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July 1985

Comparison of Prognosis After Enucleation vs Cobalt 60 Irradiation of Melanomas

Author Affiliations

From the Department of Ophthalmology, Bascom Palmer Eye Institute, University of Miami School of Medicine.

Arch Ophthalmol. 1985;103(7):916-923. doi:10.1001/archopht.1985.01050070042027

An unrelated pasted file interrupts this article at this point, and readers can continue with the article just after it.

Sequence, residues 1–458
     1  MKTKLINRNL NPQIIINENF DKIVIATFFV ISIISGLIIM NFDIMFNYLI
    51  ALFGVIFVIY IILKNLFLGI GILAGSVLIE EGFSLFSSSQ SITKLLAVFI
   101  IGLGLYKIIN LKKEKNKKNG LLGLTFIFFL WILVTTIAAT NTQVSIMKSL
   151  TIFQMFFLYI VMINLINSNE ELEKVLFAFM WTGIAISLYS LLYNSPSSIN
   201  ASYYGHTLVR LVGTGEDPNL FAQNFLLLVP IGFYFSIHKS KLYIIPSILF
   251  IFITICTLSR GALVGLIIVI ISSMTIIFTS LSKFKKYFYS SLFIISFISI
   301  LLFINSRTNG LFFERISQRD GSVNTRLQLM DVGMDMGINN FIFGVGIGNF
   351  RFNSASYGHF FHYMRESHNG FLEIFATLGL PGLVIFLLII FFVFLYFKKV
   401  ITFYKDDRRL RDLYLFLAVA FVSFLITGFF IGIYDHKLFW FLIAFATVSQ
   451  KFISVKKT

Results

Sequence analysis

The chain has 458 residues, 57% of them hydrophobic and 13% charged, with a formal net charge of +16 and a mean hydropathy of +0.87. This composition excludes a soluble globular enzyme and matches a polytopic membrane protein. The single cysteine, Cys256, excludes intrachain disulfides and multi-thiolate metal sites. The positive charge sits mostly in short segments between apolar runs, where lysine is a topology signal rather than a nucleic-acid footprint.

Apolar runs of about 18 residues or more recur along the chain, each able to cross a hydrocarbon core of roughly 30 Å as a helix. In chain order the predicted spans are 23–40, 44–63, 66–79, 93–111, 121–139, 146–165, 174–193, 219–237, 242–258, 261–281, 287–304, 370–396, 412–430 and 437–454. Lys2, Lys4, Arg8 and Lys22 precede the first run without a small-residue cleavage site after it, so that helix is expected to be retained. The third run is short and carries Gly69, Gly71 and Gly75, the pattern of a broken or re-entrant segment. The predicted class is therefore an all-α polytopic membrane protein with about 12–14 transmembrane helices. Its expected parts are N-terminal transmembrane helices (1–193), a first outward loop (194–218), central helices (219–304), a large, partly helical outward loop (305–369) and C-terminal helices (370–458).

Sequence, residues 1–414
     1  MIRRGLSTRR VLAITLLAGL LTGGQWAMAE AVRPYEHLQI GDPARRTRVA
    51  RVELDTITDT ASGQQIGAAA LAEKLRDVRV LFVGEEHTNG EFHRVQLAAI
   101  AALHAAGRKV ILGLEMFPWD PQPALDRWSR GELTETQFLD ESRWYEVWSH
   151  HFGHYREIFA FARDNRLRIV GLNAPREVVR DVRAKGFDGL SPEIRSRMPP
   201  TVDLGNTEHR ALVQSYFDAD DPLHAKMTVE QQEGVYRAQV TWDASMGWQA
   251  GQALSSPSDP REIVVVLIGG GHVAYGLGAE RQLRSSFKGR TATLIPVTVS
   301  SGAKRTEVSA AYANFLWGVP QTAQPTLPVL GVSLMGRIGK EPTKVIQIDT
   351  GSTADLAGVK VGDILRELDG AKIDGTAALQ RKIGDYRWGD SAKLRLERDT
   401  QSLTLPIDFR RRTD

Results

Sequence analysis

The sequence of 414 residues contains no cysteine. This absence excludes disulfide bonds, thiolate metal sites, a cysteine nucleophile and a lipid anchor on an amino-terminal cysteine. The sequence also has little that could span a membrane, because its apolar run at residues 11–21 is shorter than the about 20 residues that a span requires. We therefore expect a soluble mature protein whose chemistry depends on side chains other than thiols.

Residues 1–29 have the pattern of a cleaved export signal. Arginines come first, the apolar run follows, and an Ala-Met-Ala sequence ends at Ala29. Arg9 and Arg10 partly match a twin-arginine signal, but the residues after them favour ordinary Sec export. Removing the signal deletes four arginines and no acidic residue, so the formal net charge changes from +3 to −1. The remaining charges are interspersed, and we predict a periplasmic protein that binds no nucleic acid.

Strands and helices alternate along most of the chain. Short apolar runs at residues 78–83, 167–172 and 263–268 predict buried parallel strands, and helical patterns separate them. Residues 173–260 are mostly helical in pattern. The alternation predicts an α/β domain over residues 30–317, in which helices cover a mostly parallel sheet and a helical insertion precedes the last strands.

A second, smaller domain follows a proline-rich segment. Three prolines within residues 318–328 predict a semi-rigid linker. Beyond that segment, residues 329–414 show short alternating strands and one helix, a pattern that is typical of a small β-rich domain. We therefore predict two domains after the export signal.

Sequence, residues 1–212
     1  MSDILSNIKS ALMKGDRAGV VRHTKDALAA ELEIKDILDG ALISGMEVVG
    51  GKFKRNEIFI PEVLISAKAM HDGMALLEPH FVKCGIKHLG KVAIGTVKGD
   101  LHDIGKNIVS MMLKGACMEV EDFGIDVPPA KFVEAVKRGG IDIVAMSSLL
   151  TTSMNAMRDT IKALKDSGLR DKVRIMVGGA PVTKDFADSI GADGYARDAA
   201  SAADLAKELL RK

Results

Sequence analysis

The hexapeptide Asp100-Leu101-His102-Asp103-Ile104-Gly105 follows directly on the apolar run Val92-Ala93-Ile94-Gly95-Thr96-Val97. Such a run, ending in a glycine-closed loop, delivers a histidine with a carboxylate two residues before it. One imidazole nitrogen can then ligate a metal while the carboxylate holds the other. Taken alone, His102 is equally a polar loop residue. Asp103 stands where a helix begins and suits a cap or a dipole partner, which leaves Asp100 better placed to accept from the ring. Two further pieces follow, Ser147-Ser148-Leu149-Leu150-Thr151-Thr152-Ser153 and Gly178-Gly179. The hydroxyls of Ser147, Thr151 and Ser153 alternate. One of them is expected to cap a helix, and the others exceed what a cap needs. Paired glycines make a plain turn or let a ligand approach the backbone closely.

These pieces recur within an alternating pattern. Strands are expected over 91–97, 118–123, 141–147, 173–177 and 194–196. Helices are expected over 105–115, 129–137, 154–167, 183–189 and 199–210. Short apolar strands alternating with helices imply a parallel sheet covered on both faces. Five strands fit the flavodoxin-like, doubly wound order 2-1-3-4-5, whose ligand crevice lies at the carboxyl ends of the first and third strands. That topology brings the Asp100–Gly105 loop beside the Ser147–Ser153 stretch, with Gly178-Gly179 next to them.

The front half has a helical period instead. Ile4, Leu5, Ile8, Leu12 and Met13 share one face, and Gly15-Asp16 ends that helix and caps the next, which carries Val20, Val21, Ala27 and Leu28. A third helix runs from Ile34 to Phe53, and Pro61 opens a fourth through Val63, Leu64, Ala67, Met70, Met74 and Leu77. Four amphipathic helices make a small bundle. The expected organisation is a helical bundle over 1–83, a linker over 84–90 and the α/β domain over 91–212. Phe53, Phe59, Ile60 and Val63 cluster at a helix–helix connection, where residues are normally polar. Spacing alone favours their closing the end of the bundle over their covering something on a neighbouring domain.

• Between December 1962 and May 1979, growth of choroidal and ciliary body melanomas was documented in 34 patients prior to enucleation. Twenty-seven of the 34 patients underwent enucleation during the same time period (1967 through 1976), when primary treatment with a cobalt 60 episcleral plaque was employed in a nonrandomized fashion in 21 patients with similar-sized melanomas. Comparison of these two groups of patients, none of whom was unavailable for follow-up and all of whom were followed up for a minimum of 66 months, showed that the probability of dying of metastatic melanoma within five years after cobalt 60 therapy was 50% compared with 16% after enucleation. Factors of potential importance in explaining this difference included (1) nonrandomization, (2) small number of patients in both groups, and (3) greater frequency of anterior location of tumors in the cobalt 60 group (76% vs 22%). A randomized, controlled clinical trial is required to determine the relative safety of treatment for uveal melanomas.

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